Start with Healthy Plants
Healthy plants are stronger plants and less likely to have pest and disease issues
When choosing garden seedlings and greenhouse perennials:
- Avoid the biggest, lushest plants, especially if they're exploding with blooms. While flowering plants look prettier, blooming takes a lot of energy that the plant will need when it is transplanted. It’s better to choose plants that have not yet flowered—they will bloom better in your garden.
- Look for plants with the most balanced root to plant size ratio, good branching patterns, and healthy leaves.
- Check for signs of insects or pest damage. If your plant has been affected, it could spread to other plants in your garden as well.
Check the plant tag for the recommended climate zone, which describes the coldest temperature range a specific perennial can typically survive in. Under the most recent Agriculture Canada zone maps, Saskatoon is classified as zone 3b. This means we can safely grow anything from zone 1, 2, or 3 with little risk of winter kill. However, with a warming climate and the shelter provided in urban settings, some zone 4 plants might succeed with heavy mulch. Anything marked zone 4 or higher is unlikely to survive our winter in rural areas without protection. Any plant regardless of zone can still be used as an annual - like Geraniums, which are actually perennial plants in warmer climates. Plant tags tend to underestimate plant hardiness for our area, so experiment!
Generally speaking, the more sunlight for plants the better. Check the plant tag for recommended sunlight requirements:
- full sun: six to eight hours of direct, unfiltered sunlight every day.
- partial sun: the plant will tolerate less sunlight and would prefer four to six hours of direct sunlight daily.
- shade: these plants are more likely to burn in long periods of direct sunlight and prefer lightly filtered shade, such as near an elm tree. Most plants are unlikely to survive under a spruce tree due to lack of water and little sun.
All plants need water, especially when first planted.
• Water plants immediately after planting and continue to water frequently for the first few years until root systems have been established.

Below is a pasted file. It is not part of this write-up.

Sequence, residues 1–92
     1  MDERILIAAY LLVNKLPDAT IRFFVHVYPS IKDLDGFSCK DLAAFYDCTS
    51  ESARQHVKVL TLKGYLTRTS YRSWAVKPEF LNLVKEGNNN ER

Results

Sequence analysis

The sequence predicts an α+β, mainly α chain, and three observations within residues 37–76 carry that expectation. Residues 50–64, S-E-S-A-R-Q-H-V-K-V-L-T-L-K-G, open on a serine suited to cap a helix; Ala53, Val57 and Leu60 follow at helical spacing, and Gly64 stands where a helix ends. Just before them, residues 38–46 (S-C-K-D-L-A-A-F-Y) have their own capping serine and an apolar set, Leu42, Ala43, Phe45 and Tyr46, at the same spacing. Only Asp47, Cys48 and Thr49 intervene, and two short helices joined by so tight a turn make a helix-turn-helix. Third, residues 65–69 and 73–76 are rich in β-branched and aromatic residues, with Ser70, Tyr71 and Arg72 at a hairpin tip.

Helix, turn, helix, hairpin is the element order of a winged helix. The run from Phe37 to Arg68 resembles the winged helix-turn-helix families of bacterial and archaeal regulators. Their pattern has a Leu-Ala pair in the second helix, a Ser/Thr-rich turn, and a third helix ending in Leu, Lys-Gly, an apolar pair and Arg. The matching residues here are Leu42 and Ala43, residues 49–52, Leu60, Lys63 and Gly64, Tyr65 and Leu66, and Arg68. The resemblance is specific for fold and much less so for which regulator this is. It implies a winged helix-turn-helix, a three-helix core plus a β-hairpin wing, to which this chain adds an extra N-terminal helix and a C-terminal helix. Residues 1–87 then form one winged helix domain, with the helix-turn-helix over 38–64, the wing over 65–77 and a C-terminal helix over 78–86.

• Established perennials, especially those that are drought-tolerant, may not need to be watered.
• For lawns, a good soaking of one inch per week is better than frequent shallow watering.
• Water only as needed. Over watering can decrease the health of your plants and lawn.
To learn more about water conserving garden practices, view our Rain Barrel and Low-Water Gardening How-To Guides.
Mulch is critical for a healthy perennial bed and helps to prevent many problems.
• Add a four to six inch layer of shredded post peelings, wood chips, or fallen leaves to the top of your flowerbed soil. This will reduce weeds, lower watering needs, and provide a healthy ecosystem for ladybugs and other beneficial insects. To learn more, view our Mulch & More: A How-To Guide.
Depending on what area you live in, Saskatoon and area has a range of soil types, from sand to silt to clay. All soil types benefit by adding compost.
• If you’re planting a new bed, add a three to five inch layer of compost and mix it into the soil.
• Adding 1–2 inches of compost every year will keep your soil healthy.
To learn more, view our Compost Bins: A How-To Guide.
Pests are more likely to attack unhealthy plants. Like your body, if you naturally keep your garden fit, it can fight off all sorts of pests and diseases on its own.
- Choose the right plant for the right space to keep stress at a minimum.
- Healthy soil and a thick layer of natural mulch go a long way in creating a healthy garden ecosystem.
- Ensure plants aren’t crowded to improve access to nutrients and increase airflow, which will help keep diseases at bay.
- Avoid pesticides so that natural insect predators stay safe. These beneficial insects can take care of the harmful insects that show up. To learn more, view our Pesticide Free Gardening: A How-To Guide.
- Rotate where you plant your vegetables each year to prevent the soil from becoming depleted of nutrients and to control soil-borne diseases.
Identifying the problem is the first and most important step to finding a solution. For example, spraying pesticides to kill leafrollers is counterproductive; by the time you see rolled up leaves, the leaf rollers have probably moved on. Not only that, but a healthy tree isn’t usually damaged by leaf rollers, making the use of pesticides unnecessary. If you have a problem, please check out our Gardenline Online Diagnosis area or contact us at Gardenline to help.